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'Taboo' story takes African prize

10 July 07 10:41 GMT

The Ugandan writer who won the Caine Prize for African Writing with a story about lesbianism, often a taboo topic in Africa, says she is "very excited".

Monica Arac de Nyeko beat four other finalists to get the $20,000 (£10,000) prize for her story Jambula Tree.

It is about a relationship between young girls in a country where homosexuality is illegal.

"I'm not a lesbian but I do think it's a difficult subject, like... writing about Uganda's history," she said.

The Caine Prize, announced in Oxford on Monday night, is considered a major award in African creative writing.

Jambula Tree was described as "witty and mischievous" by the judges.

Her publisher Becky Ayebia Clarke said when she first read the story she thought "how brave" Ms Arac de Nyeko was to take on the subject.

"In Africa these are not the kind of stories we're allowed to tell. She's taking on a theme that Africans have been in denial about - a theme about same-sex love."


"The Jambula Tree is about the relationship between two young girls in a very complex social setting in a community which does not look kindly at that relationship," Ms Arac de Nyeko told the BBC's Network Africa programme.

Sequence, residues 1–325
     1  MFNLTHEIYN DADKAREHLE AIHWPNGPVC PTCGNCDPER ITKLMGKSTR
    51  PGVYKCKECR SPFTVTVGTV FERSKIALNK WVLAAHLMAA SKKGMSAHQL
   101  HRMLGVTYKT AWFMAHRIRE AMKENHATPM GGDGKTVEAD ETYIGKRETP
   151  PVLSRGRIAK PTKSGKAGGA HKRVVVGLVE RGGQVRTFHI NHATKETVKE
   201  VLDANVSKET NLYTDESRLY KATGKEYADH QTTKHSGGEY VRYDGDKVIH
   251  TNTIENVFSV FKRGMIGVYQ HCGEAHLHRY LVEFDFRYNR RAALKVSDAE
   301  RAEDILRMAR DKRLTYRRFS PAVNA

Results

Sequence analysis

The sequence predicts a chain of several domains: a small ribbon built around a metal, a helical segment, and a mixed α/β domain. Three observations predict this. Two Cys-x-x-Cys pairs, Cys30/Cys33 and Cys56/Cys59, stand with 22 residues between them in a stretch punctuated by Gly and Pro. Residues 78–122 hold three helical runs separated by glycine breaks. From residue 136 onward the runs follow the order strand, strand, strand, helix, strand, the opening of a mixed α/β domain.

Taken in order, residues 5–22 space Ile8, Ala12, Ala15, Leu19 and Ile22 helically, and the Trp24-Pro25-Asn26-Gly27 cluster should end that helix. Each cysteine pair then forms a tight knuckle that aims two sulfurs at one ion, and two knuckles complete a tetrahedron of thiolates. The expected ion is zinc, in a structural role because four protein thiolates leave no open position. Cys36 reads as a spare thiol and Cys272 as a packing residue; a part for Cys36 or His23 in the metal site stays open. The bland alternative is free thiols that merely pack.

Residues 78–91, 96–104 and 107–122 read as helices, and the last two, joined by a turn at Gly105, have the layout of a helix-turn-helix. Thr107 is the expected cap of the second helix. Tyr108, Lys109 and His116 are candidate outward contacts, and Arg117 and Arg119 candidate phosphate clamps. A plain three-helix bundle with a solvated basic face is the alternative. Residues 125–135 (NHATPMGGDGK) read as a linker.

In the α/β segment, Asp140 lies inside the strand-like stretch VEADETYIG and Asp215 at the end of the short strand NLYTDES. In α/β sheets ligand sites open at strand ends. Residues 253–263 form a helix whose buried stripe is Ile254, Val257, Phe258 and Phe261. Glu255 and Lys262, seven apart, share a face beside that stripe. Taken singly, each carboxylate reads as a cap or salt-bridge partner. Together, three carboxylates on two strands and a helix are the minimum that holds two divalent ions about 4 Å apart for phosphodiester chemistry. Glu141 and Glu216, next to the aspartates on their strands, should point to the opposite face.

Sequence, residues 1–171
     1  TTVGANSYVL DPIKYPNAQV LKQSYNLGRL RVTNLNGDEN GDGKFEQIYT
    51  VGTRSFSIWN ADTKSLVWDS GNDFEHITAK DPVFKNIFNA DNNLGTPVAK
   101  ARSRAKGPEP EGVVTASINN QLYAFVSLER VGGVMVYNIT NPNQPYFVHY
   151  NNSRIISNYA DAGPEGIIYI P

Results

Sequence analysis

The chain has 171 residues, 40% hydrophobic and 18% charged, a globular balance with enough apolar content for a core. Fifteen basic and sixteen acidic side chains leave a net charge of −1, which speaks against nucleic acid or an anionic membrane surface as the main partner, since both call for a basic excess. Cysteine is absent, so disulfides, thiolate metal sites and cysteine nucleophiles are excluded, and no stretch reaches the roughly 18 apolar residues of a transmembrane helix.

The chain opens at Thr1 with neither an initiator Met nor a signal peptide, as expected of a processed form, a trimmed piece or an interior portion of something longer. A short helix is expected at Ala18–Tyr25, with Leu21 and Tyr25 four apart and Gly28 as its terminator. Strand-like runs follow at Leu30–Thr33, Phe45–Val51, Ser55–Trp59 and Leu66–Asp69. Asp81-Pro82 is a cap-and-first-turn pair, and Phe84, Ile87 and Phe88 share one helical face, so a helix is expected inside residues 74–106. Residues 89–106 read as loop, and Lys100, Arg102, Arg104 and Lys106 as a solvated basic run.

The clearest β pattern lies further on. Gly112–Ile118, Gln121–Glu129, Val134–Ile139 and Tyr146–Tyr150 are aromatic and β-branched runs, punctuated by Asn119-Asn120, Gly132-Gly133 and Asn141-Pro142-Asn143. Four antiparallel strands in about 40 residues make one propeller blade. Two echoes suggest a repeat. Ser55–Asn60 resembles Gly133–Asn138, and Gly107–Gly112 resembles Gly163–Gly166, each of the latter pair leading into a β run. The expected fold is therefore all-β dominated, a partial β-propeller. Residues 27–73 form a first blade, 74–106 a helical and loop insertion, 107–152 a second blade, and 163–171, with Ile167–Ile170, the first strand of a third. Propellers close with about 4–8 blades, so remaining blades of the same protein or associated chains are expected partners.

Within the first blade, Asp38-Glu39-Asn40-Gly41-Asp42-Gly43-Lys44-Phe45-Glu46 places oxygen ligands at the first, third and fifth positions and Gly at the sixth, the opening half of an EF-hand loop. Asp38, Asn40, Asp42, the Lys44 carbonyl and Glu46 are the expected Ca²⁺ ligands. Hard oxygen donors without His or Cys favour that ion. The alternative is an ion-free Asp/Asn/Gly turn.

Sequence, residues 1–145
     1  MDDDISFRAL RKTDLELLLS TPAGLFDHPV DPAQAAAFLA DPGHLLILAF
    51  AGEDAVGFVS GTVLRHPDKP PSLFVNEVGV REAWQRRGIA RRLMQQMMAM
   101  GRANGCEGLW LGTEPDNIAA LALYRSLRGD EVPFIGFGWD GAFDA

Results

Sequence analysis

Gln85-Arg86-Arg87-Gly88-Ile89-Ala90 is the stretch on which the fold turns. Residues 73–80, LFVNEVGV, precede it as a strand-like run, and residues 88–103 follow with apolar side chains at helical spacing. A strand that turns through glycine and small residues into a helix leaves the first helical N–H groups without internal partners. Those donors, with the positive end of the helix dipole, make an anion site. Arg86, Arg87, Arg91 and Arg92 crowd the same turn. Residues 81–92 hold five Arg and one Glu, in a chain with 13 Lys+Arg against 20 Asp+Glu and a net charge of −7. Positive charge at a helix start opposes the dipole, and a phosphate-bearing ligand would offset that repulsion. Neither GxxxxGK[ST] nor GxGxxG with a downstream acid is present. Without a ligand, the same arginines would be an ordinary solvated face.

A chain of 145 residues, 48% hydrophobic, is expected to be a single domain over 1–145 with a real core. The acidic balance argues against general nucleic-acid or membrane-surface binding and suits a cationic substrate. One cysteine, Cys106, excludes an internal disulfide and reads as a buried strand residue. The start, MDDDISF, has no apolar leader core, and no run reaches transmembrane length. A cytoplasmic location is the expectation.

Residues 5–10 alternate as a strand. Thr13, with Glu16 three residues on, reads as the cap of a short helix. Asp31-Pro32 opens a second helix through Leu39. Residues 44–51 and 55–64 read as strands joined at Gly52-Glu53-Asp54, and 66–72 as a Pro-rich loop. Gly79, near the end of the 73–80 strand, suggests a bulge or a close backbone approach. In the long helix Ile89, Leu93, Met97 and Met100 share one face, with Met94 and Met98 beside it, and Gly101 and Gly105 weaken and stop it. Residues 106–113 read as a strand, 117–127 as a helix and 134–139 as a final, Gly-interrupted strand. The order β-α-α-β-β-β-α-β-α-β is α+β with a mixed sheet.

"It's a combination of struggle and the power to dream and love," she said.

"There are a lot of difficult things that I think we need to talk about and not build walls of huge emotion so that they're almost impassable."

She said the jambula tree signified various things in the story.

"First of all the jambula tree is where you have the neighbour who has been stealthily watching the two girls - their relationship unfold - over a significant amount of time."

While, the small fruit from the tree represents breasts.

"Jambula in this story is also an image for breasts... they're teenagers so they could well be mosquito bites, in this case jambulas."


The Caine Prize can be given to an African writer who has been published on the continent or elsewhere.

The prize also includes a month as "writer in residence" at a US university.

During her acceptance speech, Ms Arac de Nyeko said the prize was a "very exciting time for Ugandan fiction" and that she would immediately call her sister.

"I'll get on the phone and get my sister to stop praying - because she's been on her knees probably for a very long time," she said.

Monica Arac de Nyeko was born in 1979 in northern Uganda - the scene of one of the world's longest civil wars.

The other writers on the shortlist were:

  • EC Osondu (Nigeria) - Jimmy Carter's Eyes
  • Henrietta Rose-Innes (South Africa) - Bad Places
  • Ada Udechukwu (Nigeria) - Night Bus
  • Last year, South Africa's Mary Watson was the seventh winner of the Caine Prize.

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